On January 26, 2017, the Bulletin of the Atomic Scientists declared that it is now two and a half minutes to midnight. We hadn’t heard much about the Doomsday Clock in recent years, so I had forgotten all about it. A client reminded me when he sent a link to the January 30, 2017 article published by The New Yorker Magazine about how the super-rich are preparing for doomsday.
This year marks the 70th anniversary of the Clock. The 1/26/2017 press release for the Doomsday Clock reminds us that the Clock is, “a universally recognized indicator for the world’s vulnerability to catastrophe from nuclear weapons, climate change, and new technologies emerging in other domains.” It uses midnight to represent the apocalypse, and the countdown to zero to represent the threat. This is the closest the clock has been to midnight since 1953, when it was 2 minutes to midnight due to the arms race between the US and the Soviet Union.
I am not a doom and gloom person and I often comment that you have to be an optimist to work in finance. If we were constantly pessimistic and living in fear of the next market shock, we would never make any money. What piqued my interest in the article was actually more about the super-rich using some of their money to hedge against the unlikely possibility of the end of the world.
How each of us allocates our money towards various expenses is interesting. As I mentioned in an earlier blog, we practice judgement free planning. I personally have yet to see a budget that allocates funds to preparing for the end of life as we know it, or as the article defines survivalism: “the practice of preparing for a crackup of civilization”. Of course, I never thought to ask why you own that motorcycle, now that I learned it is a great escape vehicle.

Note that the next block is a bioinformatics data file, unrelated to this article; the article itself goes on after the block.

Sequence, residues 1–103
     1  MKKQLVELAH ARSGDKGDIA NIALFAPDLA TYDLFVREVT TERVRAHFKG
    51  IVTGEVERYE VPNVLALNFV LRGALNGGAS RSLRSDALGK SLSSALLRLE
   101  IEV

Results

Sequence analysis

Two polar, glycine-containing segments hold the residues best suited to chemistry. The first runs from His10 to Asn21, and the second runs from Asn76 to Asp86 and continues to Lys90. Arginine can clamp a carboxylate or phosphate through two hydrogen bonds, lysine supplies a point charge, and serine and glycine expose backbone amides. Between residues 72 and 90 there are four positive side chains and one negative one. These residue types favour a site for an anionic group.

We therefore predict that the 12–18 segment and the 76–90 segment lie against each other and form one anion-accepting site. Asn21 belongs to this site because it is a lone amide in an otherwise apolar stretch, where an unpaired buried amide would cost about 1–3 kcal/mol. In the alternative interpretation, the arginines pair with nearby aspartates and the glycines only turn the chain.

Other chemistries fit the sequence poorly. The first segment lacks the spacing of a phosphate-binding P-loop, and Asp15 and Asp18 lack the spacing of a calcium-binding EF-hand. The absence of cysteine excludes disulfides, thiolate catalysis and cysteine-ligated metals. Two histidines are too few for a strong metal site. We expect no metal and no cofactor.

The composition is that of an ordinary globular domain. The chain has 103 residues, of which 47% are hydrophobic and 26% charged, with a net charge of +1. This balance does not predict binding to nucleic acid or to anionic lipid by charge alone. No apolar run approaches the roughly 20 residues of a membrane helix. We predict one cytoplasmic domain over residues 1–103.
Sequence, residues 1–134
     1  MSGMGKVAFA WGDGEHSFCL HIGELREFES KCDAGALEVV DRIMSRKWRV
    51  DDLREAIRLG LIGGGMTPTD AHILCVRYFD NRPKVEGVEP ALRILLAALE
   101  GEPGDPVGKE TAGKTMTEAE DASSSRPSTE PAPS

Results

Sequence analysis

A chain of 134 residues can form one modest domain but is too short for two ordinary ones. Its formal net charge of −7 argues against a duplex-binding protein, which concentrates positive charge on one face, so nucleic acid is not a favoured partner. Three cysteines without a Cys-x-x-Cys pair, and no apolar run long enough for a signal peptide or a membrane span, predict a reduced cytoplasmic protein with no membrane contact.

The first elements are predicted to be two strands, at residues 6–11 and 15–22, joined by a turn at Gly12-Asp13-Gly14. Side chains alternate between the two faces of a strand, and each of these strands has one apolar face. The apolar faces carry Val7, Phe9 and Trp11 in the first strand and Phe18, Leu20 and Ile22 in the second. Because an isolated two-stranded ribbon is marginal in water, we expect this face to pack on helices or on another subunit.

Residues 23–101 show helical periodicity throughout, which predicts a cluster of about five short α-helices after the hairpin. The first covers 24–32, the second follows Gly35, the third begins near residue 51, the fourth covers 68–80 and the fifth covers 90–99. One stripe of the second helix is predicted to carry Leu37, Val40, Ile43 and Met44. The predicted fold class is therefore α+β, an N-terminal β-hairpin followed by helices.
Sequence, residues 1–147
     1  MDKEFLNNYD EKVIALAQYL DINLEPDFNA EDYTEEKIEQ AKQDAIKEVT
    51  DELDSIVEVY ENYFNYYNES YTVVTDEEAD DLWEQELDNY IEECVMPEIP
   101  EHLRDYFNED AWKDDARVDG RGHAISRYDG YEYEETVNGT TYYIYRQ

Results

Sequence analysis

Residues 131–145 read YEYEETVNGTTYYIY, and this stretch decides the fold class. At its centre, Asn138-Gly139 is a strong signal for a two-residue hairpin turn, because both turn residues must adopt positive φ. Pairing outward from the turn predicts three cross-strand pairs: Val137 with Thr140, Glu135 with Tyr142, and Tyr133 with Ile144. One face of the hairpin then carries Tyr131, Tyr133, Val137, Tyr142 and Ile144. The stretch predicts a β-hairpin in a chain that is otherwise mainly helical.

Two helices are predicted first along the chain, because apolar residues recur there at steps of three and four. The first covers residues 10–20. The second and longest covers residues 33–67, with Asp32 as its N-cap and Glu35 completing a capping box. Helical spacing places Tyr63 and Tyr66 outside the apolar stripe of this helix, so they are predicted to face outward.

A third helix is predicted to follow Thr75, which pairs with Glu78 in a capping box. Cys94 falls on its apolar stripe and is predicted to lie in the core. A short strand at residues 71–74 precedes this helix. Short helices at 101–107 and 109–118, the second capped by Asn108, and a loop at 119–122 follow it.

The idea that some people prepare for doomsday by buying $3 million condos inside bunkers in Kansas or a ranch in New Zealand sparked an engaging conversation among our own team. We suppose that if you have more money than you need for daily activities of living, then allocating a portion of those funds to hedge against adverse outcomes is a possibility. However, we often find hedges to be expensive versus their ultimate payout.
The most thought provoking quote for me was, “Fear of disaster is healthy if it spurs action to prevent it. But élite survivalism is not a step toward prevention; it is an act of withdrawal.” The author does an excellent job of summarizing at the end of the article, so if you don’t read the entire article, skip to the end. My takeaway: continue to be philanthropic, optimistic, and resilient.
Cathie Straub, CPA, CFP®
Director, APCM Wealth Management for Individuals
Bulletin of the Atomic Scientists, Web. 25 Jan. 2017. <http://thebulletin.org/>
Osnas, E. (2017, January). Doomsday Prep for the Super-Rich. The New Yorker. Retrieved from http://www.newyorker.com/magazine/2017/01/30/doomsday-prep-for-the-super-rich